House Puts Partisanship Aside After Giffords Shooting

The shooting in Arizona prompted leaders to postpone all major votes.

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This week, Congress was set for a rhetorical battle over healthcare reform and federal spending. But partisanship, at least within the Capital, has taken a back seat to national grieving. In response to the shooting in Tuscon, Arizona, which left six people dead and Rep. Gabrielle Giffords in critical condition, Congressional leaders have delayed all major votes until at least next week. [Photo Gallery: Gabrielle Giffords Shooting in Arizona.]

On Wednesday, Congress didn't debate a bill to repeal the Patient Protection and Affordable Care Act, even though it was initially scheduled for a vote. Rather, members of Congress came together to support a resolution honoring Giffords, as well as the others who were wounded or killed in the attack. House Speaker John Boehner choked back tears as he recalled one of those who lost his life -- Gabe Zimmerman, one of Giffords' Congressional staffers. "Like us, Gabe swore an oath to uphold and defend the Constitution," Boehner said. "At the time of the attack, he was engaged in the most simple and direct of democratic rituals: listening to people, to his neighbors." Boehner was joined by fellow Republican and Democratic Congressional leaders.

The House leadership has yet to announce when it will return to regular business. "This institution has an obligation to move forward doing the business of the people at the appropriate time," says Laena Fallon, a spokeswoman for Majority Leader Eric Cantor. The Senate was already scheduled to be in recess until January 24th.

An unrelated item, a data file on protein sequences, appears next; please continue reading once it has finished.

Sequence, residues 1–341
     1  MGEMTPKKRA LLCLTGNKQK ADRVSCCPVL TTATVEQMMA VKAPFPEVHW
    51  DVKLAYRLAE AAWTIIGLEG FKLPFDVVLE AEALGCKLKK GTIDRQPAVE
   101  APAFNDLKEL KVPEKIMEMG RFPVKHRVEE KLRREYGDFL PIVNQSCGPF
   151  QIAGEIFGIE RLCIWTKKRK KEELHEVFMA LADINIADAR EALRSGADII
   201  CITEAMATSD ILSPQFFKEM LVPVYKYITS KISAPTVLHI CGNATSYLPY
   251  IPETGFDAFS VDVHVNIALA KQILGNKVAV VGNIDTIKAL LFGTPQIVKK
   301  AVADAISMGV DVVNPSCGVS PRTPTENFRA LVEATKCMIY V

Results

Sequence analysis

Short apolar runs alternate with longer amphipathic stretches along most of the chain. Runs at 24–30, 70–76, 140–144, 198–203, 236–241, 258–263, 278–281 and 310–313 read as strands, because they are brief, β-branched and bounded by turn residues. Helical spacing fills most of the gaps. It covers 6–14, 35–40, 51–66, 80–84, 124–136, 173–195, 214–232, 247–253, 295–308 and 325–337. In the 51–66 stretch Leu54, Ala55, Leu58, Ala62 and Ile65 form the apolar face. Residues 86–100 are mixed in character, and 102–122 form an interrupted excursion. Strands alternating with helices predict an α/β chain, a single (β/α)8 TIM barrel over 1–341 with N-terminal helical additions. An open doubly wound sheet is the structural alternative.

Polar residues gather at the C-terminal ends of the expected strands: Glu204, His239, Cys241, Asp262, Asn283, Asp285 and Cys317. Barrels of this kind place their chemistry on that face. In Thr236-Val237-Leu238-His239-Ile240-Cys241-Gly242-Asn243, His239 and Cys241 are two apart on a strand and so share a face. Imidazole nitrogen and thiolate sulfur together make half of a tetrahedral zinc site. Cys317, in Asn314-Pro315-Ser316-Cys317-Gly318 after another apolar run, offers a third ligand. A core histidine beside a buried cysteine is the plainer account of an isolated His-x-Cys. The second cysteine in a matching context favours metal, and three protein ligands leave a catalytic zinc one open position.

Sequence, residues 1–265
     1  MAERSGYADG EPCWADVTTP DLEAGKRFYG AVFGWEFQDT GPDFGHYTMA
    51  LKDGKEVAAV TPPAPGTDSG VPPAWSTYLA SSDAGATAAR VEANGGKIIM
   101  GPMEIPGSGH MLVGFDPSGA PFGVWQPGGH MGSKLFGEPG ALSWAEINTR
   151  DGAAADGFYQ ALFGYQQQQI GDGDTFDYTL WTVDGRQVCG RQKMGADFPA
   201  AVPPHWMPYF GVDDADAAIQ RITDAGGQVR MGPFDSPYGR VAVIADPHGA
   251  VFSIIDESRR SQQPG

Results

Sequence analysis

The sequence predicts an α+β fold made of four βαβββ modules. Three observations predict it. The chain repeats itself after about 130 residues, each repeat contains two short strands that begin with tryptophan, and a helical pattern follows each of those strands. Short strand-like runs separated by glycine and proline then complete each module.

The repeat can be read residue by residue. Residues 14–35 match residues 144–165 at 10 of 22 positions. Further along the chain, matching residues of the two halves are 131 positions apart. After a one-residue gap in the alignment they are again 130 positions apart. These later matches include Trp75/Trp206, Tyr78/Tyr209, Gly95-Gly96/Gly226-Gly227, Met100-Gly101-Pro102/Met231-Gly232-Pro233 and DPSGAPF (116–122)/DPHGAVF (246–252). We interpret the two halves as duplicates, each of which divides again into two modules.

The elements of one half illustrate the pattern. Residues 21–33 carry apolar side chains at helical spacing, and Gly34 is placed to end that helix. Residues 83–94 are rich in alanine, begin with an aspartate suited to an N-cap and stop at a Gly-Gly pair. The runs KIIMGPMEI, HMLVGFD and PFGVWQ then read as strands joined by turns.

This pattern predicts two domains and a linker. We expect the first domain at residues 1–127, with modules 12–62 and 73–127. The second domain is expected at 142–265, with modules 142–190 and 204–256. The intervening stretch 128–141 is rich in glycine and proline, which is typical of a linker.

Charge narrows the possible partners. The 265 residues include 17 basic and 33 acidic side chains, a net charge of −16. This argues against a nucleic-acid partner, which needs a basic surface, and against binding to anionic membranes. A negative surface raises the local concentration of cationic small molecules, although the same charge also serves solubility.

Whether Congress can maintain a civil tone--or whether it will backpedal into partisan rancor--once regular business resumes remains to be seen. Congress will likely eventually take up repeal of healthcare reform. The bill will likely be mostly symbolic, as it has a slim chance of being approved by the Senate or President Obama. Congress will also likely soon take up the federal budget, as appropriations to the government are set to run out on March 4. At about the same time, Congress will also have to decide whether to raise the debt limit, which allows the Treasury to borrow money. Republicans have insisted that any votes to continue government funding and raise the debt ceiling also be accompanied with budget cuts.

But the shooting may swing Congressional debate away from the budget and towards other issues, such as gun control and decorum in politics. Already, two members of the House have proposed stiffening some gun control laws after the shooting. New York Rep. Carolyn McCarthy, a Democrat, proposed a ban on high capacity gun magazines. Critics claim that those gun clips, which were previously forbidden by the expired Assault Weapons Ban, make it easier for a gunman to target more victims. New York Rep. Peter King, a Republican, has also proposed a law which would ban firearms within 1,000 feet of an elected official. [Read more about gun control and gun rights.]

Rep. Bob Brady, a Pennsylvania Democrat, has also proposed expanding the current law against threats to the president to include members of Congress. The shooting initially provoked many lawmakers to question whether political rhetoric has become too heated--although there is little evidence that the alleged shooter, Jared Loughner, was influenced by current political debates.